"Can you put 'Ocean City' underneath Tina's name?" said Teddy Klementovic, one of a dozen customers crowded into a T-shirt shop in the Gold Coast Mall one afternoon this week. "We've got to get her something that says where we've been."
It was the first time on the Eastern Shore for Klementovic and her husband, Joe, a retired couple from Lansford, Pa., andthey were busy scooping up souvenir shirts for the children and grandchildren back home.
"We'd normally go down to the North Carolina beaches for vacation," she said. "But my neighbor told us how nice it was here, and what with the gas being so high, we figured we'd better stick closer to home."
It's people like the Klementovics --tourists who are stretching their vacation budgets by staying close to home -- who have helped make this summer one of the best in this resort city's recent history. According to hotel keepers, restaurant owners and city officials, high prices this year are working in Ocean City's favor.
Last year that was not the case. The gas shortage kept sun-starved tourists away from Ocean City until August and on the best weekend of the summer there were 225,000 visitors. It was a time of discontent for the city's perennially upbeat boosters.
This summer there have already been three weekends of 250,000 visitors: the neon "No Vacancy" signs are lit up along Coastal Highway from First to 145th Street, and getting into some of the more popular restaurants often requires a two-hour wait.
"Adjectives have not been developed to describe" this year's season, says Mayor Harry Kelly, and this timeKelly -- Ocean City's human megaphone -- may be only half exaggerating.
"It's been a weekend every day here,"said Jay Maher, manager of the Sunshine House, a clothing store that sells what Maher thinks is "the thing every kid wants this year," a longsleeved T-shirt imprinted with the Sunshine House logo.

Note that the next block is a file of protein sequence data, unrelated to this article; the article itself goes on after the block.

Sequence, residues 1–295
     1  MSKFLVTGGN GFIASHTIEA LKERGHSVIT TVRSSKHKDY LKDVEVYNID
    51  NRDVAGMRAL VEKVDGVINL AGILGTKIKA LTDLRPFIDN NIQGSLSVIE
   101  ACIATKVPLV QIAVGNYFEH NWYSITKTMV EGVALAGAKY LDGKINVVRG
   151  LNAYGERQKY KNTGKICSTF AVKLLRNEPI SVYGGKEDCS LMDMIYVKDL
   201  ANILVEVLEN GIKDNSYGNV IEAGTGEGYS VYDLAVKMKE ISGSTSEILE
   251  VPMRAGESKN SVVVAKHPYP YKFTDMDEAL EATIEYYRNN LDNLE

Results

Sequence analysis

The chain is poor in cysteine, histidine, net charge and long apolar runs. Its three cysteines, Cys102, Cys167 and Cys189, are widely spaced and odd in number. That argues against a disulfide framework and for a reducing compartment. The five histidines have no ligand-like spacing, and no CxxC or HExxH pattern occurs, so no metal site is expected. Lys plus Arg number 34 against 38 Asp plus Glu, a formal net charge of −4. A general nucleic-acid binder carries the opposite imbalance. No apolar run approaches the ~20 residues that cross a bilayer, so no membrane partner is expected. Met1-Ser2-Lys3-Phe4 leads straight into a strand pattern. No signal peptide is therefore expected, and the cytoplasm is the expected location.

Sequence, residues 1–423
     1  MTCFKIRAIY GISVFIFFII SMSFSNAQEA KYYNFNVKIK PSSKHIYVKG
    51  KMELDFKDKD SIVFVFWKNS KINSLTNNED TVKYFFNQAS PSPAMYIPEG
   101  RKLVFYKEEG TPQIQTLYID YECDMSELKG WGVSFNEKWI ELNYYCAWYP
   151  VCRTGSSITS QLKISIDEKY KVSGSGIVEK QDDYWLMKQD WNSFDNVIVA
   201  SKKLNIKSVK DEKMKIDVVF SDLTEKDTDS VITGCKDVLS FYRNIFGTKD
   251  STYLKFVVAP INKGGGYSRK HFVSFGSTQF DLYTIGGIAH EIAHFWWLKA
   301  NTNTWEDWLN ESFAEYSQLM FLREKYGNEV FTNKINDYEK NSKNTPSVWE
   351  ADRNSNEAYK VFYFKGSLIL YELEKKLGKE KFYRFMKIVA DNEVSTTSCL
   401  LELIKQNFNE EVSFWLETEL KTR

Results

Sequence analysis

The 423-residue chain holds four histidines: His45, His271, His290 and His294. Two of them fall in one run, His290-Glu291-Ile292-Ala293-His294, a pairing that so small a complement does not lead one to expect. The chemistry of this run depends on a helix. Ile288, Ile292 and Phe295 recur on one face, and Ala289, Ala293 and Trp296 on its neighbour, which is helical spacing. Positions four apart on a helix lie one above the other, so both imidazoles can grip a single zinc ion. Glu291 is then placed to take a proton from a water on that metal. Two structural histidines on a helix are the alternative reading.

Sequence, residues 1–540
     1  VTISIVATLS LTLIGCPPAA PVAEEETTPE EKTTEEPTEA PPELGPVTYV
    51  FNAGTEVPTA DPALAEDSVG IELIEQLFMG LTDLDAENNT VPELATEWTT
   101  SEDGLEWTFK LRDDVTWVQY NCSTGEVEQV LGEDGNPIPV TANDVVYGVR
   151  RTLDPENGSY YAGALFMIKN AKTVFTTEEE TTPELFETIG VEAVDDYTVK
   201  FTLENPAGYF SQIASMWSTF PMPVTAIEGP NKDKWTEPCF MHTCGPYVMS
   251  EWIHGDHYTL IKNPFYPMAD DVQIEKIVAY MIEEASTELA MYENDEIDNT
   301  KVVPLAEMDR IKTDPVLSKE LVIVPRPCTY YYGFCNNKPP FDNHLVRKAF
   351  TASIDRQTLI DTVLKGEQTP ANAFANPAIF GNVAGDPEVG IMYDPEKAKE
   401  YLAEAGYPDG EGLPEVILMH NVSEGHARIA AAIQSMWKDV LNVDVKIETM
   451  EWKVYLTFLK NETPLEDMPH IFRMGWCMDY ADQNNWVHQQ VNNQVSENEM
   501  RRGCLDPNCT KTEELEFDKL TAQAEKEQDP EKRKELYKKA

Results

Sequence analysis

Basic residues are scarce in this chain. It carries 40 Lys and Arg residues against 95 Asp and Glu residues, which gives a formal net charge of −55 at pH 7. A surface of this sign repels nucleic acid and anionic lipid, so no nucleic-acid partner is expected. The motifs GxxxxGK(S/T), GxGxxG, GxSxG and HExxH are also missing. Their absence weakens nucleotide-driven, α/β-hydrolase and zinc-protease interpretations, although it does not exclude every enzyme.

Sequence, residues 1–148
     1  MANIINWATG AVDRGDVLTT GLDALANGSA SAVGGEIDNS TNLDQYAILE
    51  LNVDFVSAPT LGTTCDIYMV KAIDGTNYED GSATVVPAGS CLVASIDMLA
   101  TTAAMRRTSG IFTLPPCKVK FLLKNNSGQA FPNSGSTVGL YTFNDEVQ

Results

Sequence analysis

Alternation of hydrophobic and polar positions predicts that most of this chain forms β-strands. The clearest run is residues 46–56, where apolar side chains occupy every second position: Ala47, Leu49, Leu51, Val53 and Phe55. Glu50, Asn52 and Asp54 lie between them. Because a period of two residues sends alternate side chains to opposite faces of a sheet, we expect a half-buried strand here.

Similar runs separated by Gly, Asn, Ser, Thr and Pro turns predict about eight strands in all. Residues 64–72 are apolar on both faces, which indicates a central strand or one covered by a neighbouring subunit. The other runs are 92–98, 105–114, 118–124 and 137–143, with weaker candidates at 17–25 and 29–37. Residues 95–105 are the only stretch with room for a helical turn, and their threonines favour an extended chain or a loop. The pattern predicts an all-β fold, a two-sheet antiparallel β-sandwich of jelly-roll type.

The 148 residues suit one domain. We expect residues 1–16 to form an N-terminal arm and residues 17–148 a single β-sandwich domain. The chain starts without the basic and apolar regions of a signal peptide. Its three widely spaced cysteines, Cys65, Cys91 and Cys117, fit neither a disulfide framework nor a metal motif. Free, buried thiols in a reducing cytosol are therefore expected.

"Just look at all these cars," he said, as he careered down Coastal Highway in his van. "This is a beautiful, sunny day -- perfect beach weather -- and there are still all thesepeople in the city."
"We've sent people as far away as Salisbury," noted Steve Sayed, the front-office manager of the Carousel Hotel, " and they don't even have rooms." Salisbury is almost an hour's drive from Ocean City.
"We've had a lot more weekly stays this year, and we're drawing from Washington and Baltimore much more than we usually do," Sayed said."It seems that this year, if people can travel less and still go somewhere nice, they will. At any rate, they've got to have their vacation."
Mary Ann Furst, an administrative assistant at the 254-room Sheraton Hotel overlooking the Atlantic, said they've had to refer tourist to Dover, Del., 2 1/2 hours away, for rooms.
"People are definitely taking shortertrips," she said. "I'm surprised at the business we're picking up from Pennsylvania. I don't know where they usually vacation, but it seems likewe've got the whole state here this year."
"I've been coming here since I was akid," said Ken Smith, who lives outside Pittsburgh. "It's sort of habit, but between the hot weather and the high gas prices, I didn't think twice this year about coming here rather than going somewhere further away."
Smigt, his wife, and two young daughters who struggled to carry their stuffed animal winnings under their small arms, were spending their last day in Ocean City sauntering along the amusement area of the boardwalk.
"Whenever I think of summer I thinkof Ocean City," said Ada Ruark, a Severna Park resident who said she'sbeen coming to this shore since she was six. "They just go together, and nothing, not the gas, not the traffic, would keep me away."
It wasn't difficult for Ruark to persuade her daughter and son-in-law from Richmond to spend the week with her at Ocean City.
"We could go to Nags Head, N.C.," said Gail Boyles, "but we've got grandparents here. It's awfully hard to travel with young children."
Whatever the tourists' reasons for visiting Ocean City, the merchants couldn't be happier.
"They're spending, they're definitely spending," said Penny Lorber, manager of Souvenir City and Inlet Gifts on the boardwalk. "People are looking for better items, and they're much more picky about what they buy, but they still buy."
"We're spending," sighed Walter Rosenberg, who was listening to his car radio while his wife and 15-year-olddaughter shopped at the Sunshine House. "We're made our share of donations to the cause -- if it's not shopping, it's restaurants. If it's not food, it's always something else."